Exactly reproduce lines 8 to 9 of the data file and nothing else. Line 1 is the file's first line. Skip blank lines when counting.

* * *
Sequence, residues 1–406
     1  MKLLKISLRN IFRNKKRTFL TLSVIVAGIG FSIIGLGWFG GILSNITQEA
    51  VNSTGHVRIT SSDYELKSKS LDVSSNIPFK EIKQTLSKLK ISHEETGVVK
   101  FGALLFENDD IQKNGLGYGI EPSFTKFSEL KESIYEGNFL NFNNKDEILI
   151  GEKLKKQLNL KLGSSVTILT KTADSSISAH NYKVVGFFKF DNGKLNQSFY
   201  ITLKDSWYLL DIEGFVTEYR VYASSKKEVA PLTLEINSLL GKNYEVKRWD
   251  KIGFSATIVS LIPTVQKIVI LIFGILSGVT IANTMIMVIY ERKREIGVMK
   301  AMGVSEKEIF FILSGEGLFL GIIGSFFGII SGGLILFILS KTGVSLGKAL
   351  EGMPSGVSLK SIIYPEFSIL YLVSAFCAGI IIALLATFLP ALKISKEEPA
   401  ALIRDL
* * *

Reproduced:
   301  AMGVSEKEIF FILSGEGLFL GIIGSFFGII SGGLILFILS KTGVSLGKAL
   351  EGMPSGVSLK SIIYPEFSIL YLVSAFCAGI IIALLATFLP ALKISKEEPA